“Trissiny,” Toby said firmly, “there does not need to be a fight here. Please stop picking at her.”

Melaxyna rose, snapping her wings once, and descended the steps from her throne. She stroked one of the hellhounds in passing. “There is that,” the succubus said, continuing to pace slowly forward. “A Hand of Avei is not a thing lightly dealt with. I, myself, am a schemer rather than a fighter, hence my status as second-weakest Boss of the hundred in the Descent. And then there’s that dryad; really, she’s a lot more of a game-breaker than you are. No, I don’t believe we could take you, not even close. I’m afraid the very gift that keeps Level 2 separate and coherent also makes us vulnerable. Dead, now, is dead.”

She came to within a few feet of the group, folding her arms under her impressive bosom, and stared Trissiny in the eyes. “Therefore, if it appears that you intend to destroy everything I have built up here and end the lives of the people I protect, I will simply trigger the destructive runes I have placed over every inch of the floor and collapse this entire level into the one beneath it. According to my spellcrafter, the force of that should break Level 3 as well, dropping the lot into the next one down. Any of you who survive the fall would find yourselves buried in rubble with three levels’ worth of severely irate monsters, and good luck to you. Do we understand one another?”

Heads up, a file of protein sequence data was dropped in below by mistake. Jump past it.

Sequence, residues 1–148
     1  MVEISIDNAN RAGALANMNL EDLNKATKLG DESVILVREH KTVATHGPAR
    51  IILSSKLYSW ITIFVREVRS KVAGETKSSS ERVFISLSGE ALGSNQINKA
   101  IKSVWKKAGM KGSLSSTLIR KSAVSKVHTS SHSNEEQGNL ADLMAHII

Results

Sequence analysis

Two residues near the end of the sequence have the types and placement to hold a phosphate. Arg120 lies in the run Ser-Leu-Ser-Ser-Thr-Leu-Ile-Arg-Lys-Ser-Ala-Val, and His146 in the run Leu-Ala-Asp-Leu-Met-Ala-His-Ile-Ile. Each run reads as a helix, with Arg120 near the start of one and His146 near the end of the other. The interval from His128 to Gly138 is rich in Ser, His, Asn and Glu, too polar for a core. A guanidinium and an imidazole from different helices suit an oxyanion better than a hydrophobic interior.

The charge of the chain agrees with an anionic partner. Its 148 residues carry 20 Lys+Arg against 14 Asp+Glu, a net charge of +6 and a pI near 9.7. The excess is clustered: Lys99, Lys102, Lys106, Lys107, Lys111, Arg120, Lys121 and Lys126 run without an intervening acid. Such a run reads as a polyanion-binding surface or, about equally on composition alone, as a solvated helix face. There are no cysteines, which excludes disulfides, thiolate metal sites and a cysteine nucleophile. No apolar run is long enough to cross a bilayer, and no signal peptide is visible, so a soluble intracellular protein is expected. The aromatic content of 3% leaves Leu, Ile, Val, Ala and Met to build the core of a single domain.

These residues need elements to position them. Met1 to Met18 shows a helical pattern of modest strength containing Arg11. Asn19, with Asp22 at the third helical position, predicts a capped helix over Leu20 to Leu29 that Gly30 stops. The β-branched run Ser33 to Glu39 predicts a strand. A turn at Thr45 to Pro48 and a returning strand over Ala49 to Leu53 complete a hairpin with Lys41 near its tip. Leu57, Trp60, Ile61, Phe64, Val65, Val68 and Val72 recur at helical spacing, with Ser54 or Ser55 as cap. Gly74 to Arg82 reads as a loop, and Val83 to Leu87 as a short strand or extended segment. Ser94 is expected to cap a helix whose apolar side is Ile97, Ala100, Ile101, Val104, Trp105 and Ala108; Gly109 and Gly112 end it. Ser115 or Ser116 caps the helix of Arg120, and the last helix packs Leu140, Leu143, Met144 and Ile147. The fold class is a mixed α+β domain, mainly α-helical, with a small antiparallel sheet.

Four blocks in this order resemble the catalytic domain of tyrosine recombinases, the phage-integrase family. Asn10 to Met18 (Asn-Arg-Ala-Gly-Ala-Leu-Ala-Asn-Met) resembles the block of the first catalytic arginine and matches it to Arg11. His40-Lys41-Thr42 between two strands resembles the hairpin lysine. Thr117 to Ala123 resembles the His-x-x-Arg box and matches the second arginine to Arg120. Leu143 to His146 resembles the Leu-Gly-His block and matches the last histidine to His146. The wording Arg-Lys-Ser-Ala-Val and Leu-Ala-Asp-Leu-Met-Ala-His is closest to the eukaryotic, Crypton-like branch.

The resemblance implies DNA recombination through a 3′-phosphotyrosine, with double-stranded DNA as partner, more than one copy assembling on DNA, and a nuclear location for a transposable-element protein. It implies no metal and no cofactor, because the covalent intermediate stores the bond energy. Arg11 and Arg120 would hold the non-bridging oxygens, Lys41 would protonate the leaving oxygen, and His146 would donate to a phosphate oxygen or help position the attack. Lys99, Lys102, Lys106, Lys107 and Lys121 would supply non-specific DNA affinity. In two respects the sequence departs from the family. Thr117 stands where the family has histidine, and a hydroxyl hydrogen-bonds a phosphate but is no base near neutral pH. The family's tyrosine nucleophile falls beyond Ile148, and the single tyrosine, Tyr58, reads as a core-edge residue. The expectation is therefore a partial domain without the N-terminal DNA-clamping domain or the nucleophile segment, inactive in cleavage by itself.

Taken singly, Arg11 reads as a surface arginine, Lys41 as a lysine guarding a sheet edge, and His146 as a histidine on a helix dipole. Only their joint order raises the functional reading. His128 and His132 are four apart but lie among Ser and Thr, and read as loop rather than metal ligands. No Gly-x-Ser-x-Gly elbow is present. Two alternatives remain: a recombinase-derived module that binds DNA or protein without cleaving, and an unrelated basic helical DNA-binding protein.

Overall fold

“Perfectly,” Trissiny snapped. “You remain true to your destructive nature.”

“Okay, so!” Gabe said brightly. “On to shopping, then? I for one can’t wait to see what’s available down here. The vendors in the Visage weren’t even up yet when we left.”

“You know what?” Melaxyna tilted her head back, still studying Trissiny’s face. “…no. I don’t believe I care for you arrogant little monkeys.” She turned and strolled away toward her chair, folding her wings tightly against her back. “Behind this throne is the door to Level 3. You may come and go freely, but that’s all. Consider yourselves banned. There will be no business or interaction for you, and I’ll thank you to leave my citizens alone.”